Category: Weblogs

My Conversation with the excellent Patrick McKenzie

Here is the audio, video, and transcript.  Here is part of the episode summary:

Tyler sat down with Patrick to discuss signature fields on the back of credit cards, whether bank tellers or waitstaff are more trustworthy, the gremlins behind spurious credit card declines, how debt collection and maple syrup heists should change your model of the world, Twitter’s continued success as the message bus for government and civil society, crypto vs traditional money transfers, the intended desolation of bank parking lots, why he moved to Japan and how it affected his ambition, why Tether hasn’t collapsed, the internet as a Great Work, how he’s experiencing reverse culture shock after returning to the US, what he’ll learn about next, and more.


COWEN: How did the maple syrup heists change your overall view of the world and of humanity? What’s the model update?

MCKENZIE: Going back to “evil is an actual thing in the world,” I often assume that large, well-regarded, professionalized industries have a rate of crime associated with them which rounds to zero. I would assume agriculture is relatively heavily regulated. Maple syrup is an agricultural product. The only buyers of maple syrup by the containerful are “real companies.” Therefore, I would expect rounds-to-zero supply-chain fraud in maple syrup.

But it turns out that the amount of supply-chain fraud in maple syrup is actually quite higher than zero. The chain of custody for cars of maple syrup is much less regimented than you would expect that chain of custody to be. There are smaller buyers of maple syrup — not on the scale of you or me, but on the scales like a boutique maple syrup refinery — who just don’t do as many checks as the large producers or suppliers, et cetera, do. So, it is possible to steal millions of dollars of maple syrup and sell it on the black market, which blew my mind.

This rhymes with how Tide, the well-known detergent in the United States, is used as a commodity on the criminal and semi-criminal/system deal, less criminal undergrounds, in that Tide can be resold. Online marketplaces are getting a lot of the attention, but the traditional way to use Tide as a currency for people who have less access to dollars was to resell the Tide to a corner bodega.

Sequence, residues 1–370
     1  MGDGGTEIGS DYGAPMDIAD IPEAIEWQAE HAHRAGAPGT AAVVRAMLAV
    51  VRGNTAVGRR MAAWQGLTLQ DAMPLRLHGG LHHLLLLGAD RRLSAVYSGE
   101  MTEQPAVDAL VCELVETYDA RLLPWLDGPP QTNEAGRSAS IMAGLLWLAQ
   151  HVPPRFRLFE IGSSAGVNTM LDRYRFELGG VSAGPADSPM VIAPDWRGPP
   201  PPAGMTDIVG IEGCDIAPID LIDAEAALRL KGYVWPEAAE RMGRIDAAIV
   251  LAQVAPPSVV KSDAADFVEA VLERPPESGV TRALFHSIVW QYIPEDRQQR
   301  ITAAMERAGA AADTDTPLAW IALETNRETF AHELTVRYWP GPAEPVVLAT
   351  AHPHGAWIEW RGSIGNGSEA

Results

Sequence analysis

Since the corner bodega can easily verify that the Tide hasn’t been tampered with because the Tide seal is on it, and has basically unlimited willingness to do small-dollar transactions that make money, that was a way to recycle Tide which had been stolen — or which had been acquired by means that were not stealing, but also not exactly the official way of getting Tide — and recycle it into the more or less legitimate economy, insofar as we think that the corner bodega is more or less legitimate, which I think is a complicated story.


COWEN: Why are bank parking lots usually so empty?

MCKENZIE: Oh, this is a straightforward result from queuing theory, if you can believe it. Queuing theory/operation science, by the way, tremendously under-understood by many people to whom it is professionally relevant, be that as it may. When you think of your typical stop-in at a bank, you go in, perhaps you deposit a check, perhaps you talk to the teller. You probably think, “I will have three minutes of dwell time.” So, you expect to be in and out. But the thing that the bank really wants to optimize for is new account opening.

New account opening requires 30 to 60 minutes plus of dwell time, depending on what type of account you are opening. Then when you back out that variability, it turns out that gratuitously over-provisioning the parking space almost all of the time maximizes for not losing new account opening at a few very limited windows per year. Those very limited windows can make or break the branch’s ability to contribute to their larger financial institution.

The number of accounts a bank actually opens per year in terms of checking accounts per branch — that is a number that one can have access to in various places. Depending on the bank and the locality, et cetera, it’s between 200 and 500. So, if you turn away a single customer or two customers in a row to open accounts because you had three parking spaces where you could have had seven, you’ve done a very outsized amount of damage to your financial institution, and thus over-provision the parking in all the places.

Definitely recommended, interesting throughout.

Conversations with Tyler 20th year of MR anniversary episode

CWT producer Jeff Holmes is the moderator, the panel of guests is Tyler, Alex, Vitalik Buterin, and Ben Casnocha — self-recommending!

Here is the audio, video, and transcript.  Topics include:

…the golden age of blogging in the mid-2000s, the decline of independent blogs and the rise of social media, why Tyler usually has a post at 1 AM, the consistent design of the site, the peak of the blogosphere in the Great Recession, the robust community — and even marriage — forged through MR, the site’s most underrated feature, Alex and Tyler’s favorite commenters, how MR catalyzed separate real-world pandemic responses by each of them, the cessation of book clubs, Alex and Tyler’s distinct writing style, iconic MR memes, what’s happened to Tyrone, whether the site’s popularity has tempted them into self-censoring, why it was Alex and Tyler who paired up amongst the other Mason econ bloggers, and more.

And here is one excerpt: